Ticket #4204 (new)

Opened 4 months ago

Last modified 4 months ago

Alexandria Ocasio-Cortez Gets viciously “Punk'd” by Trump Supporter

Reported by: "Trump 2020 Golf Coin" <GolfCourse@…> Owned by:
Priority: normal Milestone: 2.11
Component: none Version: 3.8.0
Severity: medium Keywords:
Cc: Language:
Patch status: Platform:


Alexandria Ocasio-Cortez Gets viciously “Punk'd” by Trump Supporter



here are many terms associated with introduced species that represent subsets of introduced species, and the terminology associated with introduced species is now in flux for various reasons. Examples of these terms are "invasive", "acclimatized", "adventive", "naturalized", and "immigrant" species.

The term "invasive" is used to describe introduced species that cause ecological, economic, or other damage to the area in which it was introduced.

Acclimatized species are introduced species that have changed physically and/or behaviorally in order to adjust to their new environment. Acclimatized species are not necessarily optimally adjusted to their new environment and may just be physically/behaviorally sufficient for the new environment.

Adventive species are often considered synonymous with "introduced species", but this term is sometimes applied exclusively to introduced species that are not permanently established.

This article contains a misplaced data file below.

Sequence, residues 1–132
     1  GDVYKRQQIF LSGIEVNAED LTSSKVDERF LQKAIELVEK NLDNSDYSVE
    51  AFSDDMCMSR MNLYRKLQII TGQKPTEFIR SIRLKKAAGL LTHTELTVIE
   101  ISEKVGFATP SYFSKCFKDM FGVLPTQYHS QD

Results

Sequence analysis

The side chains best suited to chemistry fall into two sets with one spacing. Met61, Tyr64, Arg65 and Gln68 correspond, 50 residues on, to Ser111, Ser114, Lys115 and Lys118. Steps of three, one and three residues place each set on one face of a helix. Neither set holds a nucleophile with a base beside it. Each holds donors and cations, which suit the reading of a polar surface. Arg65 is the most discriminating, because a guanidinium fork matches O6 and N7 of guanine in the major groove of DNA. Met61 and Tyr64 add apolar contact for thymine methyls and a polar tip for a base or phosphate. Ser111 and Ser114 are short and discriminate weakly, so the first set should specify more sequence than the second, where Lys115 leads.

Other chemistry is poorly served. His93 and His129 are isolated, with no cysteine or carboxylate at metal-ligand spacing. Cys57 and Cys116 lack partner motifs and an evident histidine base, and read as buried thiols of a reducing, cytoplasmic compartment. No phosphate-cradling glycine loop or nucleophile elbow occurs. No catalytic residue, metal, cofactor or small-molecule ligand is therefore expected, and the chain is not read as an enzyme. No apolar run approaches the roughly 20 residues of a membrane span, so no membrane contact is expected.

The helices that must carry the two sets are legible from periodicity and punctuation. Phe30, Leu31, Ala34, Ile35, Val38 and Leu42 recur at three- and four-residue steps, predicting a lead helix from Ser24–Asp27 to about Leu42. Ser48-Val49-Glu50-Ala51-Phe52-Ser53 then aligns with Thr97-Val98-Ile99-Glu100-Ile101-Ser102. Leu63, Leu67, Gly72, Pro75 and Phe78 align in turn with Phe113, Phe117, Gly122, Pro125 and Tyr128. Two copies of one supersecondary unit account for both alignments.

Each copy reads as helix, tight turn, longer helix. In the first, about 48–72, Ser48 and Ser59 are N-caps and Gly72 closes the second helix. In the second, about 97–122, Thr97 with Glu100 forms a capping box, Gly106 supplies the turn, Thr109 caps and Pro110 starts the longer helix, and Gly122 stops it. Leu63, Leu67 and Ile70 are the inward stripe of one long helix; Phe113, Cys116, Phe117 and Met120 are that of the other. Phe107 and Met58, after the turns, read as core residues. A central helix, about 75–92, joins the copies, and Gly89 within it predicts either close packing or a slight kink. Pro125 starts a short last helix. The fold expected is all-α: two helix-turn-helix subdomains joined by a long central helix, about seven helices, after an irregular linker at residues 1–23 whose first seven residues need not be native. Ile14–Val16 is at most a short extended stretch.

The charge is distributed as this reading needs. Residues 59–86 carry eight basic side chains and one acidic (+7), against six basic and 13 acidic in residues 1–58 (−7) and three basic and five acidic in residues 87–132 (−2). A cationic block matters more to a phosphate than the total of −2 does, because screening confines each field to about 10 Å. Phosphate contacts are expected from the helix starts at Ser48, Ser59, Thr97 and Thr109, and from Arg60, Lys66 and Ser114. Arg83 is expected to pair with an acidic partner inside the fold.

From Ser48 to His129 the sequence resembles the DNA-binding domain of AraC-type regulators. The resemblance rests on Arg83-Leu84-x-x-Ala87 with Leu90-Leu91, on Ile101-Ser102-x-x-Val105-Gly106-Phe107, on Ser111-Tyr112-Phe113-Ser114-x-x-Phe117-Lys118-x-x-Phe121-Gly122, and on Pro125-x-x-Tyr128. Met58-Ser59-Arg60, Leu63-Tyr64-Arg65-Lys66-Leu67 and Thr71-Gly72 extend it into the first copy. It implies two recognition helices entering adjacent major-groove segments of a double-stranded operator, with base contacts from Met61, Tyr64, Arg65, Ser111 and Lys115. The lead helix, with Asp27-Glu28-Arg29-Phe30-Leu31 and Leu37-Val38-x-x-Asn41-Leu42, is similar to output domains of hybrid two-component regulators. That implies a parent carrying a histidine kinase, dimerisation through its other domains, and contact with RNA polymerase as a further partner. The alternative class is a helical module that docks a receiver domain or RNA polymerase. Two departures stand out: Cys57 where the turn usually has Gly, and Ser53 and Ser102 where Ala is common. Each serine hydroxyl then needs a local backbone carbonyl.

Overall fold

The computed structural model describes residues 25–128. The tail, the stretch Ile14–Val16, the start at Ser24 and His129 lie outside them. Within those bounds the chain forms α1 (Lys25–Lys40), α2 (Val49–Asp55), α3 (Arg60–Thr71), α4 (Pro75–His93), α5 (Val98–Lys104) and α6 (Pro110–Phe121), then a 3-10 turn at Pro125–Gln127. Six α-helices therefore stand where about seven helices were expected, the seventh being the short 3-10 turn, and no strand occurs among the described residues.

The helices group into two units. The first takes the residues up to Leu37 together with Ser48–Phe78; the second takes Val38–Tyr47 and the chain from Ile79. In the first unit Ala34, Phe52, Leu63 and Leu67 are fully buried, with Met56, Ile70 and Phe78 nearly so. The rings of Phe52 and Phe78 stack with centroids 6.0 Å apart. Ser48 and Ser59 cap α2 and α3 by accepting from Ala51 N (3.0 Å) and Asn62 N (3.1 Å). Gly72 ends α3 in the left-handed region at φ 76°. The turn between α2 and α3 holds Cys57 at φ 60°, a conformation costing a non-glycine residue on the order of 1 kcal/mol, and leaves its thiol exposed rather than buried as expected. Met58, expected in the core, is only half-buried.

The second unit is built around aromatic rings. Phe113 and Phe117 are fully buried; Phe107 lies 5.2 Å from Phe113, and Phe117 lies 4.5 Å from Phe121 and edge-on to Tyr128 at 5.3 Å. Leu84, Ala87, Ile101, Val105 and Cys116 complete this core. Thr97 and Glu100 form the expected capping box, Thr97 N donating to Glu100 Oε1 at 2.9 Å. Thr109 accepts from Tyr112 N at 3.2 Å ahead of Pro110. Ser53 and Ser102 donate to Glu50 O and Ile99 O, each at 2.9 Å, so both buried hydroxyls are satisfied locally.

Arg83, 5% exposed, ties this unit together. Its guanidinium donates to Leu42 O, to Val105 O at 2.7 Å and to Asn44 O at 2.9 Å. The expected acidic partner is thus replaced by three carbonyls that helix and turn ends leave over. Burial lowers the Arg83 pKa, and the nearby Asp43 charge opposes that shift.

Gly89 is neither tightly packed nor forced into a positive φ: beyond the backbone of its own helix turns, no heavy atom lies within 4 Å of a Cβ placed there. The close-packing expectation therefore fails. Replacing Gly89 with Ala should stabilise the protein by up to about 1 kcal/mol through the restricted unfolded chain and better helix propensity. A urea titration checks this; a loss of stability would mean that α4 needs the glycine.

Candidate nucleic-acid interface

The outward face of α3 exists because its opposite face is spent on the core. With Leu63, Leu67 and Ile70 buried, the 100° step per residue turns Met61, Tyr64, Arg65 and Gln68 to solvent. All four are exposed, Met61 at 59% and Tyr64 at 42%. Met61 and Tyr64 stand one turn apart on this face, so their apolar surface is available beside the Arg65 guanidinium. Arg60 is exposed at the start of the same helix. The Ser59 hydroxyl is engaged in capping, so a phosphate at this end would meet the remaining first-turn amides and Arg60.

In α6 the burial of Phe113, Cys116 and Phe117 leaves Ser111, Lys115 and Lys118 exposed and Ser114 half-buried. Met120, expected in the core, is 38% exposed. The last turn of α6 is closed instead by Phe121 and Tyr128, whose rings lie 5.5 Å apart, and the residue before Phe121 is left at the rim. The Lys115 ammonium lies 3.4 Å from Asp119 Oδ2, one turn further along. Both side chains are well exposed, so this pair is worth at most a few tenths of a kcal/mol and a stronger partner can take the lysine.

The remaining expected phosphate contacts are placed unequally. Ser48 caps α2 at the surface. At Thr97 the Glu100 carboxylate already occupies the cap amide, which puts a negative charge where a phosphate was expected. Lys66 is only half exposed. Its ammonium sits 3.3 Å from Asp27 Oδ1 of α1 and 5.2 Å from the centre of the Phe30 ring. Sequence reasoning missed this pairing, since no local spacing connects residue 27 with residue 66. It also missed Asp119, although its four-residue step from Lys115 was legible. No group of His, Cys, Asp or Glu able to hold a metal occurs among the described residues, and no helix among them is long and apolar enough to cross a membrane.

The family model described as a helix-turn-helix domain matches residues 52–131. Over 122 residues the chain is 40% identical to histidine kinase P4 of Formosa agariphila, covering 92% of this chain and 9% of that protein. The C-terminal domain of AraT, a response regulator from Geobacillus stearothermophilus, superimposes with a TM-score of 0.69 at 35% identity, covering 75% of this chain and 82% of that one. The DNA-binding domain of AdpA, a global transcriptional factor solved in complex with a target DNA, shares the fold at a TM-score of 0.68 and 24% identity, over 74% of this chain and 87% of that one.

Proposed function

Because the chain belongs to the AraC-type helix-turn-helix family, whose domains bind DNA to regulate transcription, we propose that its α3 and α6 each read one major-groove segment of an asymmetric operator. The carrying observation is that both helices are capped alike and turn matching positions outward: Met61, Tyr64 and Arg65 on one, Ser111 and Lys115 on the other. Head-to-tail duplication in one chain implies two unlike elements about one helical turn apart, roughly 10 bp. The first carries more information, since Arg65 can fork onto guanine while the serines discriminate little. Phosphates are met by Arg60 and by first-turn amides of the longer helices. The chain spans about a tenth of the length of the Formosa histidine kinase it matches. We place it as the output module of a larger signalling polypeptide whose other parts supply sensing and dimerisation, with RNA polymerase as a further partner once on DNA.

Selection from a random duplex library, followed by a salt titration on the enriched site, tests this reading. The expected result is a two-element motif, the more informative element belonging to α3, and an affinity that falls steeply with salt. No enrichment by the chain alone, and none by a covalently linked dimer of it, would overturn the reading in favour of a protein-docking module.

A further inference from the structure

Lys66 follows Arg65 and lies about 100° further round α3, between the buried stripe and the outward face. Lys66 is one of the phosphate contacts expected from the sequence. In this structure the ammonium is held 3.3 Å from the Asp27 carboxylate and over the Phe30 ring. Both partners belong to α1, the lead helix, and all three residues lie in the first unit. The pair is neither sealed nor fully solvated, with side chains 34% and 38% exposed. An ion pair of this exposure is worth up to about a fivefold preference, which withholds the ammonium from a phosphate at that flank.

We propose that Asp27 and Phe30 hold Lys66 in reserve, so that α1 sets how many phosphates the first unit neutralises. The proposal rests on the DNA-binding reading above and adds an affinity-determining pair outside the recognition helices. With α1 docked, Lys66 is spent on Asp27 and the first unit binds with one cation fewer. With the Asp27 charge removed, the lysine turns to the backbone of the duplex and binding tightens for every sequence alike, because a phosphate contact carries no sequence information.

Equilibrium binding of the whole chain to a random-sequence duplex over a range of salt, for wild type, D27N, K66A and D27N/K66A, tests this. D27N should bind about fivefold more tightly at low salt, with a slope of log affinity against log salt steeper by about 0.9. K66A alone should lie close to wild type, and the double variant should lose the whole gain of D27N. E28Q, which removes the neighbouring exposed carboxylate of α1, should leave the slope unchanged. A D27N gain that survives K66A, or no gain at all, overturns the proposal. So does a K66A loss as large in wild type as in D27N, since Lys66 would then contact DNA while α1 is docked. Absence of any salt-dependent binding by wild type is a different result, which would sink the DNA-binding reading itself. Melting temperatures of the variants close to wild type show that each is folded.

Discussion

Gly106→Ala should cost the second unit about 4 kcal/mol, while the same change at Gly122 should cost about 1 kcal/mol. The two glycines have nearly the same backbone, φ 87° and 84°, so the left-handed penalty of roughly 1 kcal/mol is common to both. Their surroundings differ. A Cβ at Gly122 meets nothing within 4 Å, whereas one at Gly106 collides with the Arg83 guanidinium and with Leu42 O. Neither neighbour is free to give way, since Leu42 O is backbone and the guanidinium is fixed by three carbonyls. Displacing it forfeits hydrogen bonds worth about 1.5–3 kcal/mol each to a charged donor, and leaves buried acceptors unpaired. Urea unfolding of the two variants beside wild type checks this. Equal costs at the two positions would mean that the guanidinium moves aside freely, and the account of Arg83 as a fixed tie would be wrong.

Naturalized species are often introduced species that do not need human help to reproduce and maintain their population in an area outside their native range (no longer adventive), but that also applies to populations migrating and establishing in a novel environment (e.g.: in Europe, house sparrows are well established since early Iron Age though they originated from Asia).

Immigrant species are species that travel, often by themselves, but often with human help, between two habitats. Invasiveness is not a requirement.

Invasive species
Introduction of a species outside its native range is all that is required to be qualified as an "introduced species". Such species might be termed naturalized, "established", or "wild non-native species". If they further spread beyond the place of introduction and cause damage to nearby species, they are called "invasive". The transition from introduction, to establishment and to invasion has been described in the context of plants. Introduced species are essentially "non-native" species. Invasive species are those introduced species that spread widely or quickly and cause harm, be that to the environment, human health, other valued resources, or the economy. There have been calls from scientists to consider a species "invasive" only in terms of their spread and reproduction rat

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